However, manufactures quote values well below this size.

Ideally the particle shape should be elongated. However, to allow

dry powders to flow from the dispenser, a mixture of rod shaped
particles and globular ones is used. Typical colours for powders are:





Dry powders are dispersed on to the test component either through a

puffer or a dry spray can. The chosen colour is the one which gives
the best contrast against the specimen background. To enhance the
contrast a white strippable contrast paint may be sprayed or painted
on the specimen. If this is applied lightly, not more than 50 micron
thick, there will be minimal effect on defect sensitivity.

Powders are usually applicable to site work such as welds and

castings, often as an initial check on a weld root pass, where wet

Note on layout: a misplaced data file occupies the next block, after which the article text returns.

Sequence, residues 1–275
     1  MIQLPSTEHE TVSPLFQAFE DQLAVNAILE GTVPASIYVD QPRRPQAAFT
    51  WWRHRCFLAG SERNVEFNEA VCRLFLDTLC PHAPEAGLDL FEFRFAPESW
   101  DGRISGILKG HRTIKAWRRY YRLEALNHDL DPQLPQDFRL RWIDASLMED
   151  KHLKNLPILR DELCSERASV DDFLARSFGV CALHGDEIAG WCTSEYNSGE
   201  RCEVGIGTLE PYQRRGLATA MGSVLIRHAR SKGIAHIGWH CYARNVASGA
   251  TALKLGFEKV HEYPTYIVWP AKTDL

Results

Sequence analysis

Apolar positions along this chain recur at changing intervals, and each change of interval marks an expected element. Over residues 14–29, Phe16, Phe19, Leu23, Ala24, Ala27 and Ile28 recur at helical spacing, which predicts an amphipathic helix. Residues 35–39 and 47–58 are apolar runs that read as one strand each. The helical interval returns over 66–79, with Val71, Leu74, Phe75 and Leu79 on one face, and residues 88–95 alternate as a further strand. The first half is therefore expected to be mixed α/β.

materials would cause contamination. PD6513 states that dry
powders can be used for testing hot components up to 300c but
fluorescent powders may lose their brightness if heated, so should
be used at ambient temperature. We advise that manufacturers'
recommendations should be followed. Invariably powders are
treated as disposable and should not be re-used, due to the danger
of contamination by dirt and moisture.

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6.2 Inks

Magnetic inks are further sub-divided into:

Contrast or fluorescent

Kerosene or water-based

The ink comprises finely ground oxides of iron, having high

permeability and low retentivity, suspended in a liquid. British
Standard 4069 requires the maximum particle size to be no more
than 100 micron, however, contrast particles are typically less than 1
micron and fluorescent less than 10 micron. The reason for the
difference is that the fluorescent particle is dye coated, whereas the
contrast particle is a natural colour of red or black.

Water-based inks are becoming more popular because of:

1. price
2. odour reduction